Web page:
Friday, August 03, 2012

Hero, by Perry Moore

Thom is a pretty amazing basketball player and that's been the thing he's relied upon to make his father proud.  His father is a loyal fan and Thom works extra hard on the court to be a hero in his eyes.  But the truth is hard to hide and between the rumors floating around and some slip-ups at home, Thom isn't sure how much longer he can hide his sexual orientation from his father.  As much as he wishes he could be honest with his Dad, he knows how much it would kill his father to know he was gay.

But that isn't the only thing Thom is hiding.  Thom's got superpowers.  And Thom's got a real chance of joining the A-ist crime fighters of the League in their epic battles:  Warrior Woman, the Spectrum, Golden Boy, and that amazing hunk Uberman (whom Thom's had a crush on for years).  But Dad can't ever find out about Thom's dream -- Dad was once a superhero himself and was cast out in disgrace.  Superheros aren't welcome in their home.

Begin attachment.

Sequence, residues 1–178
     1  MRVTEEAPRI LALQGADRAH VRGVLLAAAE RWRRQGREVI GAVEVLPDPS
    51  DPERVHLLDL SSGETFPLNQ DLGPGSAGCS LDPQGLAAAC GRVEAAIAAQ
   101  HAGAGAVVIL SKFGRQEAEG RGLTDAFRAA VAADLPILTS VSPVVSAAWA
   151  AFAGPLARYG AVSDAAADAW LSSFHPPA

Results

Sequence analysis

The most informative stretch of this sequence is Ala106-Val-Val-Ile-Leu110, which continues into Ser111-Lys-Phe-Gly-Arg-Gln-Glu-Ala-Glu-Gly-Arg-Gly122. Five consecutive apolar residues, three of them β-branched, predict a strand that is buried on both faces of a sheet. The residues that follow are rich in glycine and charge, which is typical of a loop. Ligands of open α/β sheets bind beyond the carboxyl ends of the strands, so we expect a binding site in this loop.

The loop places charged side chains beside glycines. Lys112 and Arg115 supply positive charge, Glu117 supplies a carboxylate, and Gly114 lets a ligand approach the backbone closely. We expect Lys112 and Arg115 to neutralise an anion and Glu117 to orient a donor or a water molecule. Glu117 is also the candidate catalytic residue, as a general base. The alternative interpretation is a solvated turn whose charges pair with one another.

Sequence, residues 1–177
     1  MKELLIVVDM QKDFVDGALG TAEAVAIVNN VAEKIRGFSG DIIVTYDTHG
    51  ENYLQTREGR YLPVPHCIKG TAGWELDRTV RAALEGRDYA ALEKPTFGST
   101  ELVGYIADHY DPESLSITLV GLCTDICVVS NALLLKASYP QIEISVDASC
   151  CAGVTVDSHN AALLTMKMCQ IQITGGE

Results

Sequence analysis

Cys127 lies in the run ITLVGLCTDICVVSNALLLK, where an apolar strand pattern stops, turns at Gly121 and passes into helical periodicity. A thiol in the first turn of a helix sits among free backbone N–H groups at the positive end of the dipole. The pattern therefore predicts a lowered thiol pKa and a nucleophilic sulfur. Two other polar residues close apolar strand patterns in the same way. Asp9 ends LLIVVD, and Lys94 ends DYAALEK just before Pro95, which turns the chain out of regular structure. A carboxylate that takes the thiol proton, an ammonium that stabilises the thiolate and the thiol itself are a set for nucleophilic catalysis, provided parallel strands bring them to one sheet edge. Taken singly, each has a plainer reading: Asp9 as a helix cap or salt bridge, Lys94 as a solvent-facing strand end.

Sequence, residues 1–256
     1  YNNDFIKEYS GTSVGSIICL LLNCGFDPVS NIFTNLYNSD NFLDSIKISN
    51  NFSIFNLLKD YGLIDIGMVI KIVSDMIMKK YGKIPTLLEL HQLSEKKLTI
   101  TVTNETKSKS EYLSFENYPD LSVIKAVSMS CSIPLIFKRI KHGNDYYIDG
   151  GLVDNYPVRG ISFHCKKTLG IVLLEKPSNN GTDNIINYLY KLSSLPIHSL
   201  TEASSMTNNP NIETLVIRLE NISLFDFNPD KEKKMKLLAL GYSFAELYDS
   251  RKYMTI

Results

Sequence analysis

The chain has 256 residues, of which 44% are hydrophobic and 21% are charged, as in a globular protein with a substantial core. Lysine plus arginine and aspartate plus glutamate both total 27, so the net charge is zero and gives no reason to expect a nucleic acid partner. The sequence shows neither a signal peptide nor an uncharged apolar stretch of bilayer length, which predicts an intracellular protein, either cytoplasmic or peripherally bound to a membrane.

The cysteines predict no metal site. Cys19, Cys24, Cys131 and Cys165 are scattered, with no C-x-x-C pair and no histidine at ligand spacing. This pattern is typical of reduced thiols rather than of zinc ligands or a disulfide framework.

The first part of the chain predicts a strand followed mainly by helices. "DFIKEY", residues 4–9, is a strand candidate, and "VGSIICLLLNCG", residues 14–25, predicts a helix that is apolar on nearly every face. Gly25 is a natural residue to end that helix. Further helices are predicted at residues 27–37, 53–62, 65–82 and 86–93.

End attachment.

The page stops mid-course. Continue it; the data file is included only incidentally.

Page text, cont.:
What we get is an amazing mash of comic book worship, teen gay angst, and coming to terms.  After all, nothing says homoerotica better than comic book superheros, does it?  So, what Moore does is play on that to create a story that is both well-written pulp and serious teen gay novel -- a world where a young man who is both a potential superhero and gay has to prove he is not a freak.  It's X-Men meets Edge of Seventeen.  While that probably gives the novel a split personality, it's truly amazing how well it actually fits together.  The last 100 pages or so of blood and guts action didn't do much for me, but they're integral to the nature of the piece.  What really worked for me was the idea that coming out as a superhero or as a gay man could be equally heroic.  And I think it worked for Moore as well.  Kudos for something unique in LGBT lit!

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